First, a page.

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Managing personal integrity: the process of hospitalization for elders

Authors


Cynthia Jacelon,
233 Arnold House,
School of Nursing,
University of Massachusetts,
Amherst,
MA 01003,
USA.
E-mail: jacelon@nursing.umass.edu

Abstract

Background.  Although, in the United States of America (USA), 40% of people aged 75 years old and older are hospitalized each year, the literature does not provide insight into their perspectives on hospitalization.

Aim.  The study was designed to illuminate the experience and behaviours of hospitalized elders, discover the meaning of that experience for them, and develop a substantive theory that could explain the social processes in which elders engaged while hospitalized.

Method.  Interviews and participant observation data were used to develop a grounded theory. Participants had to be at least 75 years old, speak English, have been admitted to the hospital for medical (non-surgical) reasons, and be able to give informed consent. The elder, a family member, and a registered nurse caring for the elder were interviewed. Two-hour periods of observation were conducted throughout the elder's hospital stay. Computer-assisted data analysis included open, axial and theoretical coding. Techniques to improve the trustworthiness of the research included persistent observation, participant checking, a peer research support group and an audit conducted by an expert gerontology nurse researcher.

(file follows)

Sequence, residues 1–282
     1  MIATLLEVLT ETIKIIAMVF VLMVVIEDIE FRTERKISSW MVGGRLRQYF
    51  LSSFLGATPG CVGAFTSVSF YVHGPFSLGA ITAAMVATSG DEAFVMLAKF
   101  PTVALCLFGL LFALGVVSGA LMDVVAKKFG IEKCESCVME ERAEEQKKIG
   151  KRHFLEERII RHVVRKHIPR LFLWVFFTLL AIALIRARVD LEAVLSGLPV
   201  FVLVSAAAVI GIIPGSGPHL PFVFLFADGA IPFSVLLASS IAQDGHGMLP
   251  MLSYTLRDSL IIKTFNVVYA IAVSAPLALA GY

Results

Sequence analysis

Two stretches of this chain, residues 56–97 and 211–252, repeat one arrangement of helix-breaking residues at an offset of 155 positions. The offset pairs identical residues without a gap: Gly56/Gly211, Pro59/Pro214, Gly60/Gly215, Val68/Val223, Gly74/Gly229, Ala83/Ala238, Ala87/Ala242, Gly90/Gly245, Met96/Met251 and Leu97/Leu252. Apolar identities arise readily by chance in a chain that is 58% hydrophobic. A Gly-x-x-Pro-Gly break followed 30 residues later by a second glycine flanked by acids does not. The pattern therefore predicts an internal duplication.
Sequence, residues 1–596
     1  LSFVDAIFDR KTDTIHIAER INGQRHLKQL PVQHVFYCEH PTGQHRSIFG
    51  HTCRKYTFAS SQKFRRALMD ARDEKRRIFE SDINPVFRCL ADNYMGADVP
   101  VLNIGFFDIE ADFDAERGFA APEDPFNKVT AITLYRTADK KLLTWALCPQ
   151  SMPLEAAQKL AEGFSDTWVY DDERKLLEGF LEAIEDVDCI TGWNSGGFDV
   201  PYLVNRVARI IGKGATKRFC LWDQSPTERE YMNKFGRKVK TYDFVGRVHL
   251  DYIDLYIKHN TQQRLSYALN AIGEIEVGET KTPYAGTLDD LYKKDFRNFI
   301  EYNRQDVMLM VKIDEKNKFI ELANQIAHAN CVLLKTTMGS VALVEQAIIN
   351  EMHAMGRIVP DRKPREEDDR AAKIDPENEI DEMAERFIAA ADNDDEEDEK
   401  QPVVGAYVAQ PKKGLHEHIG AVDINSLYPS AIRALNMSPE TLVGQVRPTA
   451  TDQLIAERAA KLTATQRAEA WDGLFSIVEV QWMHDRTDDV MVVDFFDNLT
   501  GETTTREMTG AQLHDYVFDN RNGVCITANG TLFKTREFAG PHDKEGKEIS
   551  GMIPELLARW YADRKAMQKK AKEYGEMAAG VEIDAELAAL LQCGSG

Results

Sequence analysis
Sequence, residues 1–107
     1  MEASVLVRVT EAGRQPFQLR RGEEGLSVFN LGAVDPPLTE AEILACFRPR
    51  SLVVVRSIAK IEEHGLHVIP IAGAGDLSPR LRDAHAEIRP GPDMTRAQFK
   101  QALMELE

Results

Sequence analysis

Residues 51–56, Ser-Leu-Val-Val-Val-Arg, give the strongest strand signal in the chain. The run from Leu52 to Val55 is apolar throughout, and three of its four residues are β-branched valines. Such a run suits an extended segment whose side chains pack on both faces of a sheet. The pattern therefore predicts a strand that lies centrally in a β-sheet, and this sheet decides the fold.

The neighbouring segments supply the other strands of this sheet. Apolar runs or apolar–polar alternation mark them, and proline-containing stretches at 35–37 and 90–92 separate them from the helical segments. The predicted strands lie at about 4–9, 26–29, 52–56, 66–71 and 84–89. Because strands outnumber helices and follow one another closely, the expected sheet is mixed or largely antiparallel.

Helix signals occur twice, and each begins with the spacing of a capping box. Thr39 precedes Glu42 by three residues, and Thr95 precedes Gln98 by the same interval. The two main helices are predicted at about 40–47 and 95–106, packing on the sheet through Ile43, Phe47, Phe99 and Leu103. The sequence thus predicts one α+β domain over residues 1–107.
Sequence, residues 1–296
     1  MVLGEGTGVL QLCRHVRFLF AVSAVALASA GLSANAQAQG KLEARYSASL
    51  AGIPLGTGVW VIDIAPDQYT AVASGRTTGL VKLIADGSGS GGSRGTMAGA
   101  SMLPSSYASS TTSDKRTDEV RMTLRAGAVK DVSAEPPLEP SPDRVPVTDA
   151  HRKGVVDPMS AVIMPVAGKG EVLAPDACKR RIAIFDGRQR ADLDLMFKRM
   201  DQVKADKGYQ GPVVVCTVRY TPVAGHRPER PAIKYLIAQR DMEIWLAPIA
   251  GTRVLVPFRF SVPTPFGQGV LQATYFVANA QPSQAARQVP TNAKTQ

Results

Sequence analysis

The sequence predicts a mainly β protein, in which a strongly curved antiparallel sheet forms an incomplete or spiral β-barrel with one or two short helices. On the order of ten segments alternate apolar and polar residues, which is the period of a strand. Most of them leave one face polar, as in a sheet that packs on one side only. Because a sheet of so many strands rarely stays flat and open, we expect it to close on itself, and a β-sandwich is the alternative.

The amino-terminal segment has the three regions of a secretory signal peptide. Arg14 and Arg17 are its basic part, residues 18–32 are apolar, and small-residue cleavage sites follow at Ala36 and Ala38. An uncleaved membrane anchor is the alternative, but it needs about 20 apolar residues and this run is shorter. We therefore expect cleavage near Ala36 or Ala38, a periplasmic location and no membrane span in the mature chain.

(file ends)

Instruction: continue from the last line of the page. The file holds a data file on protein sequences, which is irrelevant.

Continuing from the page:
Findings.  Hospitalization was characterized as a process beginning when an alteration in health is identified and continuing through to the process of adjusting to returning home. Personal integrity was found to be a dynamic, intrinsic quality of the self, composed of health, dignity and autonomy. During hospitalization, elders used strategies to manage their personal integrity. At first, elders focused on strategies relating to health and then moved on to dignity and, finally, autonomy.

Conclusion.  Hospitalized elders choose how they will interact with health care providers and the actions they will take to manage their health, dignity and autonomy. The findings have implications for developing nursing care and for further research.

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